Ex-Tribal Chair Gets Three Years in Prison for Accepting Bribes Over Massachusetts Casino Project

  • The case relates to plans by the Mashpee Wampanoag Tribe to develop a casino resort in Taunton
  • Cromwell was found to have accepted three bribes to protect an architecture firm’s contract
  • He received $10,000 in cash, as well as a luxury weekend hotel stay, and home gym equipment
  • Local residents in Taunton are fighting to try to stop the casino project from going ahead
Passing money under the table
A former tribal chair has been sentenced to three years in prison after accepting bribes relating to a casino project. [Image: Shutterstock.com]

Not getting off lightly

A former chairman for the Mashpee Wampanoag Tribe has received a prison sentence of three years for accepting bribes relating to a casino project. Cedric Cromwell was sentenced on Tuesday by US Senior District Court Judge Douglas Woodlock. As well as the three-year prison term, he also will be subject to a year of supervised release and has to pay a $25,000 fine.

The owner of a design and architecture firm David DeQuattro was also sentenced on Tuesday for his role in the bribery case. He received a single year of home confinement probation with electronic monitoring and a fine of $50,000.

convicted in May after a ten-day trial in a federal court

Both men were convicted in May after a ten-day trial in a federal court. The charges relate to plans by the Mashpee Wampanoag Tribe to develop a casino resort in Taunton, Massachusetts. The tribe pushed for Cromwell to receive the harshest possible sentence.

Deals under the table

Cromwell was convicted of accepting bribes and extortion-related charges, but a judge acquitted the latter on Tuesday. There are still four outstanding charges against Cromwell relating to the filing of false tax returns. DeQuattro was convicted of a single count of paying a bribe to an Indian tribal government official.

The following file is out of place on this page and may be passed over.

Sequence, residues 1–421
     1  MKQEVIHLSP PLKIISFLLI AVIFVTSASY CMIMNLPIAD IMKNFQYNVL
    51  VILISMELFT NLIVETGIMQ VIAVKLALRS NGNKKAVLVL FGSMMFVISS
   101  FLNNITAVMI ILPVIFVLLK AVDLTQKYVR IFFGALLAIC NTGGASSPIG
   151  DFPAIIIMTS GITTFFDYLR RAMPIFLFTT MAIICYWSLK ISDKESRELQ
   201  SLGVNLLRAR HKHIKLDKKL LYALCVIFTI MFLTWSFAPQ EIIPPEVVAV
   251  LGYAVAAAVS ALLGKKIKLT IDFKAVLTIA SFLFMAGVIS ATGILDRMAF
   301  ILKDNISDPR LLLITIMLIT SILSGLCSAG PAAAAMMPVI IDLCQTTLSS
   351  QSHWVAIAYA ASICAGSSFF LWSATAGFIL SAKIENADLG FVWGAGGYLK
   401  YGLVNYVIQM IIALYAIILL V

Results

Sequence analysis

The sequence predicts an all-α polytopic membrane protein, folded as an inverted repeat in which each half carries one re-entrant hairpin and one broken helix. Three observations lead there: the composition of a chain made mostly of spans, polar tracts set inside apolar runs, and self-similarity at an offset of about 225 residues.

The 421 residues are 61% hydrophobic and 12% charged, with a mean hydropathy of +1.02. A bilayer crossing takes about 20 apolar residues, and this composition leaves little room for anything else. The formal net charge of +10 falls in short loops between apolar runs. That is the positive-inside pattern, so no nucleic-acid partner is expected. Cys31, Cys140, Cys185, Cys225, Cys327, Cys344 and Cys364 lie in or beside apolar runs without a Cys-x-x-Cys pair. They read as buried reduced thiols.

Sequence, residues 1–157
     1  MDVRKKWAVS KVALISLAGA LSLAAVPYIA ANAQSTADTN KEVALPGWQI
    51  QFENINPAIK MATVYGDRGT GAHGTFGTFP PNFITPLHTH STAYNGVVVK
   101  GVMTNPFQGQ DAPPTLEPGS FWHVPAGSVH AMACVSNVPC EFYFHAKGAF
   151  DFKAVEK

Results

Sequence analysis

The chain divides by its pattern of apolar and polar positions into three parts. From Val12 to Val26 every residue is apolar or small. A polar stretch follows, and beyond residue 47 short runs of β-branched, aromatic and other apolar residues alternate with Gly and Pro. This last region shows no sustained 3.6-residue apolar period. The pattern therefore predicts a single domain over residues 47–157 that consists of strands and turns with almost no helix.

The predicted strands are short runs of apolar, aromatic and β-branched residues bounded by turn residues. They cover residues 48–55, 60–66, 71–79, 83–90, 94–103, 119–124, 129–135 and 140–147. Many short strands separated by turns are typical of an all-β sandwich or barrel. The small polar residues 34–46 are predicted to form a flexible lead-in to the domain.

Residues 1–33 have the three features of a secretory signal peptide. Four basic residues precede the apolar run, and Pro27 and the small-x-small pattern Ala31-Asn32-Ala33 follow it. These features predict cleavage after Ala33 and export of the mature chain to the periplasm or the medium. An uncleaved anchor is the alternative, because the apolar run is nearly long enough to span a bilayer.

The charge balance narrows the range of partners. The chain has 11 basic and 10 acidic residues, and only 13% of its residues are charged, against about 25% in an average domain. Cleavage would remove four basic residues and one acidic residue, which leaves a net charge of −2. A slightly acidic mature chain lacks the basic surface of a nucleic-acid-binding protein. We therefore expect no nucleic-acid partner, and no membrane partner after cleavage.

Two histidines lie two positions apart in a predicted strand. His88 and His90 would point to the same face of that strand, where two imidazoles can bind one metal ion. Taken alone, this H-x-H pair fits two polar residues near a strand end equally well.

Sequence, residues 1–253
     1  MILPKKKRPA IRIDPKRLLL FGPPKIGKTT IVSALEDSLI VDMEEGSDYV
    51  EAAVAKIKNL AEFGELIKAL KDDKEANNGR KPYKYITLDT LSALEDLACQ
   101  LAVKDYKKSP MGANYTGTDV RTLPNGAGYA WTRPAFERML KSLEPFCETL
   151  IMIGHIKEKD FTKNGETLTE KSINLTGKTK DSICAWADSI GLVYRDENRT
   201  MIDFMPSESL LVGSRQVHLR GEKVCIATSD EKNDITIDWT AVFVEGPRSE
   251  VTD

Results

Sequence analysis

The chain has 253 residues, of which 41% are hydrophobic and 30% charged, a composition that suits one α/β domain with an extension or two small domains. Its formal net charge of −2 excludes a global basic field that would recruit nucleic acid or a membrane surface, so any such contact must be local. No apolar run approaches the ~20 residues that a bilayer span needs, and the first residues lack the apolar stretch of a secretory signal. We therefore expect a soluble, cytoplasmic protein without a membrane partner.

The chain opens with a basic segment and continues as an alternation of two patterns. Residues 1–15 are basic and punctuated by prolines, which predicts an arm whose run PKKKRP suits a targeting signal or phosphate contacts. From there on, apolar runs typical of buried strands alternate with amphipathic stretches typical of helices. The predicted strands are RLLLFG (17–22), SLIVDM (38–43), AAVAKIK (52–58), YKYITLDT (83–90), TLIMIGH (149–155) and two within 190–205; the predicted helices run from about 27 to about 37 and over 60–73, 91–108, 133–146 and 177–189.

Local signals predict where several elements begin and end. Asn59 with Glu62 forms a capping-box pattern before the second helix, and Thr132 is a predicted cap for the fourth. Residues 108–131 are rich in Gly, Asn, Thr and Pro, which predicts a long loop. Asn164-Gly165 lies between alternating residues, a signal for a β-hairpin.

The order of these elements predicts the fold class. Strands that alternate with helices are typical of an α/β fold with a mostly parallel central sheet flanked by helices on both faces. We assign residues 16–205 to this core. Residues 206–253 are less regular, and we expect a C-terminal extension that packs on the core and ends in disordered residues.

Cromwell was acting as the tribal gaming authority president and the Mashpee Wampanoag Tribe chairman at the time of the bribery scandal. DeQuattro’s architecture firm secured a contract to work on the First Light Resort and Casino for the tribe.

ended up taking three bribes in return for protecting DeQuattro’s contract

Cromwell ended up taking three bribes in return for protecting DeQuattro’s contract. He received $10,000 in cash in November 2015, a home gym machine worth $1,700 in August 2016, and a luxury hotel weekend stay in May 2017 worth more than $1,800. The judge found DeQuattro guilty of providing the hotel stay and home gym system.

Speaking after the sentencing, US Attorney Rachael Rollins said Cromwell had “dishonored his people and his position by accepting bribes for his own personal gain.” She hopes that the prison sentence will bring accountability to the tribe and close the matter for good. FBI Boston Division special agent in charge Joseph Bonavolonta outlined how Cromwell had gone to great lengths to try to conceal the bribes.

Casino plans stalled

The Mashpee Wampanoag Tribe are hoping to develop their First Light Resort and Casino on a site 20 miles from Providence, Rhode Island and 40 miles from Boston. It would cost an estimated $1bn to develop and would contain about 600 hotel rooms.

The tribe purchased the land for the First Light Resort and Casino in 2012. The US Department of Interior currently holds the land in trust as reservation land.

While there is a four-phase plan in place to build the casino, there have been delays. The main obstacle is local residents in Taunton who have taken legal action to try to stop the project from going ahead. The tribe remains committed to proceeding with the project once the legal challenges end.